Life is good in American tourism hubs, despite travel restrictions

Tourism forecasts and the success of those areas where they offer special deals mean that life is good for visitors after Donald Trump’s crackdown

In tourism-rich New York City, a cocktail at the Otium Hotel by chef José Andrés is always a plus. The hotel is part of a lobbying effort to persuade Donald Trump to reverse his travel ban.

In Havana, a cocktail at the Borgata Hotel’s Treasure Island cigar bar may also earn rewards points, since it costs $5 (£3.60).

The decision to reimpose travel restrictions, enforced at the end of January, is yet to have an impact, however, because a ban on staying more than 90 days at a Cuban-based company, is in place only in official diplomatic cities such as Washington. Still, Cuba’s president, Raul Castro, is trying to attract back US visitors, with a new package that cuts the price of a single-night stay in Havana hotels to $50.

Most owners are joining in the effort, with most also offering additional discounts for American travelers.

But in places where they are now being supported by the US government, the effect is different. In Washington, airfares to the country are now only $70 per night. Some hotels, such as the historic Dupont Circle Marriott, are offering special deals. All state government offices have taken steps to increase the diversity of American visitors.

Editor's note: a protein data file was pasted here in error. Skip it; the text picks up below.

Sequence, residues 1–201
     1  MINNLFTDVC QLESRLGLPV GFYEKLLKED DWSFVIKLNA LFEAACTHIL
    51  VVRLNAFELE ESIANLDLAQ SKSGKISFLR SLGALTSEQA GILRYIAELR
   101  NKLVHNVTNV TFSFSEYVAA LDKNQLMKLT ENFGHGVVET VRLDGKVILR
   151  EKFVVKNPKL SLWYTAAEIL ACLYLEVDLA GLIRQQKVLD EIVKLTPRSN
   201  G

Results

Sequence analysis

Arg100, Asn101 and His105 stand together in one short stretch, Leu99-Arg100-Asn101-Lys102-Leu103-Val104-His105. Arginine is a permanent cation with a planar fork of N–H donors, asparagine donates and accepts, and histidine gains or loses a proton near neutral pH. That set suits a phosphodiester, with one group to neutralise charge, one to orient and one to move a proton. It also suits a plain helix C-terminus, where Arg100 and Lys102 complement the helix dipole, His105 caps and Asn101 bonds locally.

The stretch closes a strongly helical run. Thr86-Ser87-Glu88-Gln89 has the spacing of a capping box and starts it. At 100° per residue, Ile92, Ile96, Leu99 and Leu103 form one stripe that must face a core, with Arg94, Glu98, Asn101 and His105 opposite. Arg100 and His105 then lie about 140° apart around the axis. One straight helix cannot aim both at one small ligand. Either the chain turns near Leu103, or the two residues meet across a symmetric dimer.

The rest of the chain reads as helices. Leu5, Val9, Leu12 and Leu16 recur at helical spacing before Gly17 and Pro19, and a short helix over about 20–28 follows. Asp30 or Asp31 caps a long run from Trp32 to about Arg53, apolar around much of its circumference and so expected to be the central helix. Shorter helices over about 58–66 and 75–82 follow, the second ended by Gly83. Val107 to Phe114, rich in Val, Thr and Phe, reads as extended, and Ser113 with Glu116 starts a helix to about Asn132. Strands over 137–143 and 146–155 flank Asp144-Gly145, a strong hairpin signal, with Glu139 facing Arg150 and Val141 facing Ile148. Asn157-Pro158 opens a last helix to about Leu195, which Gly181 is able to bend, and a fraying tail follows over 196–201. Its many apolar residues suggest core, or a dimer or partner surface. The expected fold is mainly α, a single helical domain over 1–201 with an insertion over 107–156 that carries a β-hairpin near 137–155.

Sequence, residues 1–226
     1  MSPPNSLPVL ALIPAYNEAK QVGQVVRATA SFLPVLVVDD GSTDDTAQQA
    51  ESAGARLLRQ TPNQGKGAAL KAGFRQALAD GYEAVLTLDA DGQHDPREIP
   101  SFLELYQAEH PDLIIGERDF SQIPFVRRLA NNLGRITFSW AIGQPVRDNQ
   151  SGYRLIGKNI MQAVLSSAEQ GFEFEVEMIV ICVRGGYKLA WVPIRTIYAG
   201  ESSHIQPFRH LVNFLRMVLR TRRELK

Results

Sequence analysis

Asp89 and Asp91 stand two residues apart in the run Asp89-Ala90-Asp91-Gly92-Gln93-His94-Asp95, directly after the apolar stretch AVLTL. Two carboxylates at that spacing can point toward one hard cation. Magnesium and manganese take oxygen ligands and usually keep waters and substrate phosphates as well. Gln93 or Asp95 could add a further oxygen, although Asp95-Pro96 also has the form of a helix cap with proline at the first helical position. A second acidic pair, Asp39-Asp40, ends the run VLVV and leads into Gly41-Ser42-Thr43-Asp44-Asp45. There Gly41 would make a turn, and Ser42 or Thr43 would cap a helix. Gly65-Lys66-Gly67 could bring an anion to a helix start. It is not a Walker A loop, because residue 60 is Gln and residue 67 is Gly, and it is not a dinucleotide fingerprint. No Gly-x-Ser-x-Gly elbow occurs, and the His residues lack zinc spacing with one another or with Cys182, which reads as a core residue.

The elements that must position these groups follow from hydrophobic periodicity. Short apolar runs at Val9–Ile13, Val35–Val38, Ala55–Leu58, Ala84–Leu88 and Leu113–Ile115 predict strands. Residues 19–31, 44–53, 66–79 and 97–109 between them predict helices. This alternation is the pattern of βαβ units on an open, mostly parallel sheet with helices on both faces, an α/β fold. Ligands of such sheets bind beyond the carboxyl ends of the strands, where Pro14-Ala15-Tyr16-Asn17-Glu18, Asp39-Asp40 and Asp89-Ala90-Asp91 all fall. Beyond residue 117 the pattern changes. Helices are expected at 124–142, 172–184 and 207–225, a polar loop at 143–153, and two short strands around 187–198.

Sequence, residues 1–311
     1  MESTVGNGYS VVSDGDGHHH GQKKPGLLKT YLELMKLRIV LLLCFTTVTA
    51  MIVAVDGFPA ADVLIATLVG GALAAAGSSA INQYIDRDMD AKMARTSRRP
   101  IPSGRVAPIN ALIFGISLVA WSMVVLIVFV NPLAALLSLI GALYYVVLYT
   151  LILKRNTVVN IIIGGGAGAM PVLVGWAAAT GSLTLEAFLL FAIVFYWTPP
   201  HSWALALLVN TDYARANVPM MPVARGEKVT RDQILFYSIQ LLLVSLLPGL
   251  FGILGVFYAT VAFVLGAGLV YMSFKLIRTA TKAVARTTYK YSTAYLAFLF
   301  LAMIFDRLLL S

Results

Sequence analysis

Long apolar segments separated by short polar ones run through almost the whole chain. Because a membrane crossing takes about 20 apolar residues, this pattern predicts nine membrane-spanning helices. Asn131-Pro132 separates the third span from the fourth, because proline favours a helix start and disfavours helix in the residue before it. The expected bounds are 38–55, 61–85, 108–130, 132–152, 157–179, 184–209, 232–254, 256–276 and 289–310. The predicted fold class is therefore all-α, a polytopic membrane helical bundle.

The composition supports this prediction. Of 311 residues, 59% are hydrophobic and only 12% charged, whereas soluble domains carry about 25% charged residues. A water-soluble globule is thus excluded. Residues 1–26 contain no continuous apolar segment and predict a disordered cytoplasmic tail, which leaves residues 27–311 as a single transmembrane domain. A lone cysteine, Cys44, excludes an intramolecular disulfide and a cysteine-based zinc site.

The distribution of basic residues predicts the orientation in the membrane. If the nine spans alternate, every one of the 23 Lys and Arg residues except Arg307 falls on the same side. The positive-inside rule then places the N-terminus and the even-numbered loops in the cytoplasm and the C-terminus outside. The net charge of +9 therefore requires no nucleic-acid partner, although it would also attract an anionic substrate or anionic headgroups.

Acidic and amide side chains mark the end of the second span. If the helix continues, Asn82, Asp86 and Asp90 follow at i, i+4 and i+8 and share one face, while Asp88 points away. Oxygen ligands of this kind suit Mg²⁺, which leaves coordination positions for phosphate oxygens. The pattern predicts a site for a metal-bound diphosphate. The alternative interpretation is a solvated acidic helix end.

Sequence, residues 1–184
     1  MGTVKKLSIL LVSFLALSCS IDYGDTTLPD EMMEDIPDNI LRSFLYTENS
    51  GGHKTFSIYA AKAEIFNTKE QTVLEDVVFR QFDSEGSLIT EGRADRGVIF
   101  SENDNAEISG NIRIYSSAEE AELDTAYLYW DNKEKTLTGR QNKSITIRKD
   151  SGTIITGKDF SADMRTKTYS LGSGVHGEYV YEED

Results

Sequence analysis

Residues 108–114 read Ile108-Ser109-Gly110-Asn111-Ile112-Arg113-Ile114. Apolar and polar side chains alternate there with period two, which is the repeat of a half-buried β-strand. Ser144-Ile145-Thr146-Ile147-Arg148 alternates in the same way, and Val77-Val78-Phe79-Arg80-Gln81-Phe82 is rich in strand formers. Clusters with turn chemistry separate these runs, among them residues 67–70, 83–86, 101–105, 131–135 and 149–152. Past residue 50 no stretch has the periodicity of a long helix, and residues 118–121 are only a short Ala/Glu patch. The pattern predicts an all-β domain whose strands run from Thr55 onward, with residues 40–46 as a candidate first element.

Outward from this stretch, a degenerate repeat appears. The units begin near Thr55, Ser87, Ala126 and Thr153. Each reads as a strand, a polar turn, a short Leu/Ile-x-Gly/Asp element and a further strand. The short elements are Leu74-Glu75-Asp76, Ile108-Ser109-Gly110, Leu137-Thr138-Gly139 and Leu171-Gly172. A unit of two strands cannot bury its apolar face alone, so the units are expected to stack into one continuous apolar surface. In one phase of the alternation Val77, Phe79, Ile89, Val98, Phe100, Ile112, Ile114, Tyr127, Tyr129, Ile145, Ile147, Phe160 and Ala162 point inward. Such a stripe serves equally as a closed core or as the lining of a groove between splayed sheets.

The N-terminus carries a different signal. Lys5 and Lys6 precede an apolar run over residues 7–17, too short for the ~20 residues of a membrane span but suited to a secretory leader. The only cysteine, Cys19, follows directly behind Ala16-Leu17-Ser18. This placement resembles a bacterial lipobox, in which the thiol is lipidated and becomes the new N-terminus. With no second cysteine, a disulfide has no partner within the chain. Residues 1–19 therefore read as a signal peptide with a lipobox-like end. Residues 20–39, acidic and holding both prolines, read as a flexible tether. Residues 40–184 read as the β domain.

Hotels near the newly opened waterfront in New York are offering deals on rooms, including spending in Washington. Photograph: ProPublica/Getty Images

In California, a crackdown by Trump’s government has been followed by a new marketing campaign. This week, the California Office of Tourism launched a new state website, travelcalifornia.com.

The administration has also scrapped the federal program that capped the number of US visas given to low-skilled workers, saving California officials $1bn each year.

“More than 3 million people could potentially benefit from this freeze”, Jackie Goldberg, who chairs the California Travel Commission, told the Los Angeles Times.

“A majority of them are US citizens who have been working in jobs that are based on their skill level, pay and training.”

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